MOSCOW, DEC. 15 -- For the past five days, a half-dozen apartments around Moscow opened their doors to a movable, unauthorized seminar on human rights, an event seen here as unprecedented in the history of recent dissident activity.
"Whether Gorbachev going to Washington was an historic event is still debatable, but that this is historic there can be no doubt," said Dmitri Silvestrov, a translator and activist, as he listened on Sunday to a debate on nationality problems in an overcrowded two-room apartment.
Barred from meeting in public halls, several hundred people from inside and outside the Soviet Union jammed into overheated rooms to hear more than 200 different reports advocating release of political prisoners, withdrawal of Soviet troops from Afghanistan, abolition of capital punishment, a public apology for the Soviet invasion of Czechoslovakia in 1968 and other challenges to Soviet policy.
Today, at a final session, the diverse group adopted resolutions promoting these and other causes and pledged to continue monitoring human rights here. The last unofficial Soviet rights group was broken up by arrests, jailings and exiles in the early 1980s.
Lev Timofeyev, a member of a club called Glasnost and a former political prisoner, said participation exceeded the sponsors' expectations. "The hunger for independent information is so great that no Moscow apartment can accommodate it," he said.
The well-publicized seminar was billed as a test of Kremlin tolerance, but it also proved to be an example of the Soviet government's uncertain, sometimes conflicting response to dissent in these days of openness.
Besides closing down three meeting halls booked in advance by the seminars' organizers, authorities harassed a number of participants, warning people that the event was illegal and in several cases detaining them at train stations as they made their way to Moscow.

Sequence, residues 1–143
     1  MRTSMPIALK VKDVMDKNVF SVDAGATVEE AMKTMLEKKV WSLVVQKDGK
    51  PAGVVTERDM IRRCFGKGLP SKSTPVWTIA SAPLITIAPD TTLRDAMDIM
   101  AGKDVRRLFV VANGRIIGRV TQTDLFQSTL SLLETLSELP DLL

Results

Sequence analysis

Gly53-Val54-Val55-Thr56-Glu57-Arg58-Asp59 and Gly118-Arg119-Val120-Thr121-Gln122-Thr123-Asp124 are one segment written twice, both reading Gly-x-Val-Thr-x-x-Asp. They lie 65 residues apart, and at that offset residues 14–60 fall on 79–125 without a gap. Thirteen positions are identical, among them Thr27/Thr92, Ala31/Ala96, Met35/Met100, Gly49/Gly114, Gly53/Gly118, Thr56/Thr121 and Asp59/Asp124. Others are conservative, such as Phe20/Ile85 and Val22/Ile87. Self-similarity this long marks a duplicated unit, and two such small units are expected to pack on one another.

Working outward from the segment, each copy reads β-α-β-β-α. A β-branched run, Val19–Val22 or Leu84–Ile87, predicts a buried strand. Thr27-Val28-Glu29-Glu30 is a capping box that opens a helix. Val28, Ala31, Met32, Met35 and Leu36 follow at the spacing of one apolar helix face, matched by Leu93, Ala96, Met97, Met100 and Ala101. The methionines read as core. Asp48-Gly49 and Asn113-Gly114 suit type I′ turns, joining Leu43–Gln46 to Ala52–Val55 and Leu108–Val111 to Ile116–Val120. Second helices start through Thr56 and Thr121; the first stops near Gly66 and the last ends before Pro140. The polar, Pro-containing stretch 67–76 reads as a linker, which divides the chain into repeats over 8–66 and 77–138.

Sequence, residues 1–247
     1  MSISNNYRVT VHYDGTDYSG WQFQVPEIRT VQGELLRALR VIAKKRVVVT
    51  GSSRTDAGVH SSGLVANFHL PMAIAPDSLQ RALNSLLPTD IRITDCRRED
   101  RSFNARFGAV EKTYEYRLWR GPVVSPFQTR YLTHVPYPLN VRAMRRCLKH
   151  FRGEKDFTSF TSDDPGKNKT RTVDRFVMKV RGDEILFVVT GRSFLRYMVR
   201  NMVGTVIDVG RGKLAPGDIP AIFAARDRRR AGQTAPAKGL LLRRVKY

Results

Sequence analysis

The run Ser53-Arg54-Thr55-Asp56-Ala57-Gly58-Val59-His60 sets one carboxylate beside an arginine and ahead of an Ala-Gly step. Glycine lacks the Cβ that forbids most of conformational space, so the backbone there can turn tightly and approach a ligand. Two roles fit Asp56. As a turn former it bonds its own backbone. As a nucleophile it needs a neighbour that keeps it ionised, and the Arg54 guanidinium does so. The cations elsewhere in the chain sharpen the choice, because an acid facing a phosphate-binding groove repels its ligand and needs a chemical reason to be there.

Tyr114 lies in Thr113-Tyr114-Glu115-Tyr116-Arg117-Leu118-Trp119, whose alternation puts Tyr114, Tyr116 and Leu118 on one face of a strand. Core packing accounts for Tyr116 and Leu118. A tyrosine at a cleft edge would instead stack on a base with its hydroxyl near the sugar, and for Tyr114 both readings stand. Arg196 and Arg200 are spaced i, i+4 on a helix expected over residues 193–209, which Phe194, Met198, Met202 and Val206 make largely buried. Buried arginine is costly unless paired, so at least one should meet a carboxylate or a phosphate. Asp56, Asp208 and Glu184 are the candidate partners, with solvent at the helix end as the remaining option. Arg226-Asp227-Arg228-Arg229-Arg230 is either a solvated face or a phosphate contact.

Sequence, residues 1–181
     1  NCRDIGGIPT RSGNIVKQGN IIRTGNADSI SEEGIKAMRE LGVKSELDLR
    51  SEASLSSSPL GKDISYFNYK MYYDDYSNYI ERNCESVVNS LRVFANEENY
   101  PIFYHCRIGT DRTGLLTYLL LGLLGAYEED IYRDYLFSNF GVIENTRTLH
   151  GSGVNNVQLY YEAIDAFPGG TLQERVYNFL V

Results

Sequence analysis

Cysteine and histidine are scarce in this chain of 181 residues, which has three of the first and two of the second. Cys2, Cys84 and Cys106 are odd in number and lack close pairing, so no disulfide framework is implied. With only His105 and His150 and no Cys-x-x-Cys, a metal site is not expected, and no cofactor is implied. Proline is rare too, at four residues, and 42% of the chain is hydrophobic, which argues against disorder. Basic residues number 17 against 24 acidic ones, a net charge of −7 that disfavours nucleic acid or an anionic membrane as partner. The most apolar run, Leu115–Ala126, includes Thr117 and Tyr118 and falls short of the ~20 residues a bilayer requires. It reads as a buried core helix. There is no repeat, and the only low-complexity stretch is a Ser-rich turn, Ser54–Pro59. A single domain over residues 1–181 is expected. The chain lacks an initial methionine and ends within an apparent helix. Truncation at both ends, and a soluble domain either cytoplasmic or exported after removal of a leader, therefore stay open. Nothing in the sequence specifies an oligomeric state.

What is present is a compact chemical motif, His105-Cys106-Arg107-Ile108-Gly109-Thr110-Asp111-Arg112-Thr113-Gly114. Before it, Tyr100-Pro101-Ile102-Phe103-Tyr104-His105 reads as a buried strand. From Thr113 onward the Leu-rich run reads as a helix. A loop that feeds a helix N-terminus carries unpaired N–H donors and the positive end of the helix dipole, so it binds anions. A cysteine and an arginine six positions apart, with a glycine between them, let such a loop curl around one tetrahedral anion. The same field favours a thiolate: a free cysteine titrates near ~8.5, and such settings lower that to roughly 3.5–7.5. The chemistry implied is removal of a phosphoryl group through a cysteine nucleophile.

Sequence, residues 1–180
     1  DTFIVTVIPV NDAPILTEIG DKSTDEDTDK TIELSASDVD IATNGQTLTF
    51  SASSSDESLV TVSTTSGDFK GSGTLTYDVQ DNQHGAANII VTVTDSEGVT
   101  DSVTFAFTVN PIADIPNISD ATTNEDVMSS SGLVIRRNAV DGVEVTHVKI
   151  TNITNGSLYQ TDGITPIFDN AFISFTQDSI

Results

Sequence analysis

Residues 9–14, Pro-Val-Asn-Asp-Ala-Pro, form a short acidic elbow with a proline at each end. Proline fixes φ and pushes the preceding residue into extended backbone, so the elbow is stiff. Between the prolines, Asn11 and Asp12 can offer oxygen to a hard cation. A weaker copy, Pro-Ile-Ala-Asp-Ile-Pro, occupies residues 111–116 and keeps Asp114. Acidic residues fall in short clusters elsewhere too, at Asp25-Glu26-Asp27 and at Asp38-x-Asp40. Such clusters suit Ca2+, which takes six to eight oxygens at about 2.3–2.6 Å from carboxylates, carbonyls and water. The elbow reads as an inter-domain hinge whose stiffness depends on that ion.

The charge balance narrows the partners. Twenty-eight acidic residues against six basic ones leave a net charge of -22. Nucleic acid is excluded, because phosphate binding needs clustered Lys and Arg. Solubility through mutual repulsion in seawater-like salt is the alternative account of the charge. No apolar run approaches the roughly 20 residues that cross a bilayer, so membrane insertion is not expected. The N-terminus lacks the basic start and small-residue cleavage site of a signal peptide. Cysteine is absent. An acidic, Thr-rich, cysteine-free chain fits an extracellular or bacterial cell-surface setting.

Visas for some prominent guests, including western left-wing activists, were denied. Throughout the five days, KGB security forces kept a close watch on the seminar's activities, posting squads of agents outside buildings where meetings were taking place.
While Soviet leader Mikhail Gorbachev was meeting last week with President Reagan in Washington, police and the KGB kept a tight rein on any attempts at public demonstrations in the capital. They detained about 100 demonstrators, flooding protest sites with plainclothesmen and deporting some activists out of the city.
But while cracking down on public activities, authorities apparently decided in the end to tolerate the seminar. With regular announcements to the foreign press and translations for visitors who did not speak Russian, the event took on a public character that veteran activists, some of whom were released from prison this year, said was unthinkable even in the heyday of the human rights movement of the early 1970s.
Besides such prominent movement veterans as Larissa Bogoraz, Sergei Kovloyov and Sergei Grigoryants, the seminar drew representatives from groups as varied as Ukrainian nationalists, Crimean Tatars and religious figures. Students from Moscow State University reported on the consequences of their protest against the firing last month of Moscow party chief Boris Yeltsin.
Representatives of foreign rights groups included Gerald Nadler, director of the International Helsinki Federation for Human Rights. The federation, an umbrella organization of 13 groups that monitor compliance with the 1975 Helsinki accords, accepted the Glasnost club as a member in October and will return in January for meetings with Soviet officials.
The government's attitude toward this week's seminar was being closely watched because the Soviet Union wants to host an official conference on human rights in Moscow under the auspices of the Helsinki agreement. Some observers noted that the linking of the two events might explain why authorities did not take harsher measures against the seminar.
Timofeyev said the proposed official conference was one of the issues that divided participants. "The farther people live from Moscow, the more skeptical their opinion about holding a conference," he said, noting that authorities in the provinces have been markedly less tolerant than in the capital.
Some participants described the gathering as an event that will help define the future of the human rights movement. A debate over whether human rights activists should maintain a dialogue with authorities already has caused a division, they said. They noted, however, that the success of the seminar lay in the fact that it did not break into factions, despite disagreements.